Ways to Boost Male Fertility and Increase Sperm Count
Infertility is a growing problem worldwide.
It affects about one in every six couples, and researchers estimate about one in every three cases is due to fertility problems in the male partner alone. While infertility is not always treatable, it can sometimes be improved with a healthy diet, supplements and other lifestyle strategies.
This article lists some of the main lifestyle factors, foods, nutrients and supplements that have been associated with improved fertility in men;
What Is Male Infertility?
Fertility refers to people’s ability to reproduce by natural means. Male infertility is when a man has a poor chance of making his female partner pregnant. It usually depends on the quality of his sperm cells.
The following aspects of sexual function and semen quality may affect fertility:
Libido: Otherwise known as sex drive, libido describes a person’s desire to have sex. Foods or supplements that claim to increase libido are called aphrodisiacs.
Erectile dysfunction: Also known as impotence, erectile dysfunction is when a man is unable to develop or maintain an erection.
Sperm count: An important aspect of semen quality is the number or concentration of sperm cells in a given amount of semen.
Sperm motility: An essential function of healthy sperm cells is their ability to swim. Sperm motility is measured as the percentage of moving sperm cells in a sample of semen.
Testosterone levels: Low levels of testosterone, the male sex hormone, may be responsible for infertility in some men.
Infertility can have multiple causes and may depend on genetics, general health, fitness, diseases and dietary contaminants.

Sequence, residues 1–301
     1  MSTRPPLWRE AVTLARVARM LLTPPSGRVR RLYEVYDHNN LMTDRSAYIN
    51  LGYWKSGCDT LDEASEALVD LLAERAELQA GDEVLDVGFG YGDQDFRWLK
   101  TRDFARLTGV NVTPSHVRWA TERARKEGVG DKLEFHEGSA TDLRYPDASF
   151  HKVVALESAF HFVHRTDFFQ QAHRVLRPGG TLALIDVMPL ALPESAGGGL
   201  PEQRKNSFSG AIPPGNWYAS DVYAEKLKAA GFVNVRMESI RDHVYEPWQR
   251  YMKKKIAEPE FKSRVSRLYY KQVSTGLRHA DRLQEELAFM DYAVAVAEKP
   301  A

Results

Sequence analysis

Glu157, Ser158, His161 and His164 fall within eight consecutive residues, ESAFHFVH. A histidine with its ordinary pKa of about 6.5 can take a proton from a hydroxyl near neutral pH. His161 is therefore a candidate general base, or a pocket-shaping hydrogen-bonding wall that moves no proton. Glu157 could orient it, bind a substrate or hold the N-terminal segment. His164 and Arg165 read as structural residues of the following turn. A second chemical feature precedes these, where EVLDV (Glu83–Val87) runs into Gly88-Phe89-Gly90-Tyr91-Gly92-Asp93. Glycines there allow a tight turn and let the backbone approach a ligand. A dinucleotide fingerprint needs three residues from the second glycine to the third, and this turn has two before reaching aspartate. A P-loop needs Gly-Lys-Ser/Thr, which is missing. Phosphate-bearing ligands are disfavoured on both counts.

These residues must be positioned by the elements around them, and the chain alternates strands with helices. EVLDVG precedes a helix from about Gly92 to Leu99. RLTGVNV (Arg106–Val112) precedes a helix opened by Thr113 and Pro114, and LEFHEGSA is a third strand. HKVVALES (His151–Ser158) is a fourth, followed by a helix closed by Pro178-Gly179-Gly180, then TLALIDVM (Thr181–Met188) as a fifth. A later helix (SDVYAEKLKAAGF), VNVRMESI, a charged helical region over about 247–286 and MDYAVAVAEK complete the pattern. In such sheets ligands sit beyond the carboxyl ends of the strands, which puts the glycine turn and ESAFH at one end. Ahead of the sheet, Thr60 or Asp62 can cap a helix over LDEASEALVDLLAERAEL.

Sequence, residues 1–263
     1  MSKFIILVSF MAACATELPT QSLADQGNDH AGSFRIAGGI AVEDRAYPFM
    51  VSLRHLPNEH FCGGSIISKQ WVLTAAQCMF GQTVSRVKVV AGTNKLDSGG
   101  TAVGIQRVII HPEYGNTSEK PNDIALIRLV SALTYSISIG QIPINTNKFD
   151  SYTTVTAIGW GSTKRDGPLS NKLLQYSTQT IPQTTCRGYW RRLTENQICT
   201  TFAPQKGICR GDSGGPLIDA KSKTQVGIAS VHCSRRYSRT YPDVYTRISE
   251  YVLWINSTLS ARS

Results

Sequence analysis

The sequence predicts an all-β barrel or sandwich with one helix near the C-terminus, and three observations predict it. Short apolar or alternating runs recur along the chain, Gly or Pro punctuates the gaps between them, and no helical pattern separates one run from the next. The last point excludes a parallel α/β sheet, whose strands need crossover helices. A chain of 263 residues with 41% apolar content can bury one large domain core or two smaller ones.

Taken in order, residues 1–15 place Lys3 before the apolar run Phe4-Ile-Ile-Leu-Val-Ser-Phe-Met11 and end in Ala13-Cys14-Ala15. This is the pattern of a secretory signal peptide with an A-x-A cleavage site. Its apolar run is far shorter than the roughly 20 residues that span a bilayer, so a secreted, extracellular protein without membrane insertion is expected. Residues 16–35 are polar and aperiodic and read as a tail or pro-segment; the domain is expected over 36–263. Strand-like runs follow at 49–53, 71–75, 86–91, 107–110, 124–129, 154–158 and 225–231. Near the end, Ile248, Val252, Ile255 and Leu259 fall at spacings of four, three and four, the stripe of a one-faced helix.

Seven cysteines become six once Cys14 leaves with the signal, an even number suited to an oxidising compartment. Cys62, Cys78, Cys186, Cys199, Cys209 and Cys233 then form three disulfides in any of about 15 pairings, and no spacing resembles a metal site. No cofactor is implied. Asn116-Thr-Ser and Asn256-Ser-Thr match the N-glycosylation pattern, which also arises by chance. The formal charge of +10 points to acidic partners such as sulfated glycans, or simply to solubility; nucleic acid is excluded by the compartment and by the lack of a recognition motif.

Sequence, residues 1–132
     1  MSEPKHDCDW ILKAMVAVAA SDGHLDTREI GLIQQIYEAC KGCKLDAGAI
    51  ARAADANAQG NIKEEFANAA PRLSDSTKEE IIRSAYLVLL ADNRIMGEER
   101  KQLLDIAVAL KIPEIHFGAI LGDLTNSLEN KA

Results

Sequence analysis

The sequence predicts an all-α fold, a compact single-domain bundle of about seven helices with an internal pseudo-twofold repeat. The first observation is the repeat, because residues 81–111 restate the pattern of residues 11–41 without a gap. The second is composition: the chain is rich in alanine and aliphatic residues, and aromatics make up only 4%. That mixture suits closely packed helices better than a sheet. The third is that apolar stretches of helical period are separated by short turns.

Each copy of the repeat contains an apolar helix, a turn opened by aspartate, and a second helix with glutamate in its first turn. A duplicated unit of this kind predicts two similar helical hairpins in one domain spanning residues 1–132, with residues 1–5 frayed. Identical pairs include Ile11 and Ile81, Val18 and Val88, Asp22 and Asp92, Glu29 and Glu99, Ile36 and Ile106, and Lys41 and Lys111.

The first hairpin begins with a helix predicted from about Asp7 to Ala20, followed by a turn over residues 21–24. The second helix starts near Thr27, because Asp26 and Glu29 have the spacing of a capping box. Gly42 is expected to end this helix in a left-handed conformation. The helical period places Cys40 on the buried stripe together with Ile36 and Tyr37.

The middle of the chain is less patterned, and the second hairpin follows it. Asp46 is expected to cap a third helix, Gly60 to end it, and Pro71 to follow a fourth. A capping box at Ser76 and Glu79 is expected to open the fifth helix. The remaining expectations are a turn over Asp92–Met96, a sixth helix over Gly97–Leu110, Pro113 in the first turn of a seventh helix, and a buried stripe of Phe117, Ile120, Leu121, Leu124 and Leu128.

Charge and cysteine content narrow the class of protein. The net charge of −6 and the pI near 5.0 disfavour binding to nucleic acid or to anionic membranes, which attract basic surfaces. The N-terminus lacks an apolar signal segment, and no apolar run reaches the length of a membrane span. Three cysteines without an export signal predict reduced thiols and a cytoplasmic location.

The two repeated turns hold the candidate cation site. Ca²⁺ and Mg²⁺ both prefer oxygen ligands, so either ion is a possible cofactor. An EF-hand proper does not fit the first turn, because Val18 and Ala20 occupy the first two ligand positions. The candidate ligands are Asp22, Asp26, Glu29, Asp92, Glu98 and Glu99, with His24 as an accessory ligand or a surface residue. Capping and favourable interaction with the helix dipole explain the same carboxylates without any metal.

Additionally, a healthy lifestyle and diet are important. Some foods and nutrients are associated with greater fertility benefits than others.
Here are 10 science-backed ways to boost sperm count and increase fertility in men:
- Take D-Aspartic Acid Supplements
D-aspartic acid (D-AA) is a form of aspartic acid, a type of amino acid that’s sold as a dietary supplement.
It should not be confused with L-aspartic acid, which makes up the structure of many proteins and is far more common than D-AA.
D-AA is mainly present in certain glands, such as the testicles, as well as in semen and sperm cells.
Researchers believe that D-AA is implicated in male fertility. In fact, D-AA levels are significantly lower in infertile men than fertile men.
This is supported by studies showing that D-AA supplements may increase levels of testosterone, the male sex hormone that plays an essential role in male fertility.
For instance, an observational study in infertile men suggested that taking 2.66 grams of D-AA for three months increased their testosterone levels by 30–60% and sperm count and motility by 60–100%.
The number of pregnancies also increased among their partners.
Additionally, a controlled study in healthy men showed that taking 3 grams of D-AA supplements daily for two weeks increased testosterone levels by 42%.
However, the evidence is not entirely consistent. Studies in athletes or strength-trained men with normal to high testosterone levels found that D-AA didn’t increase its levels further and even reduced them at high doses.
Taken together, the current evidence indicates that D-AA supplements may improve fertility in men with low testosterone levels, while they don’t consistently provide additional benefits in men with normal to high levels.
Further studies need to investigate the potential long-term risks and benefits of D-AA supplements in humans.
D-aspartic acid (D-AA) supplements may improve testosterone levels and fertility in infertile men or those with low testosterone levels. However, scientists haven’t reached a definite conclusion at this point.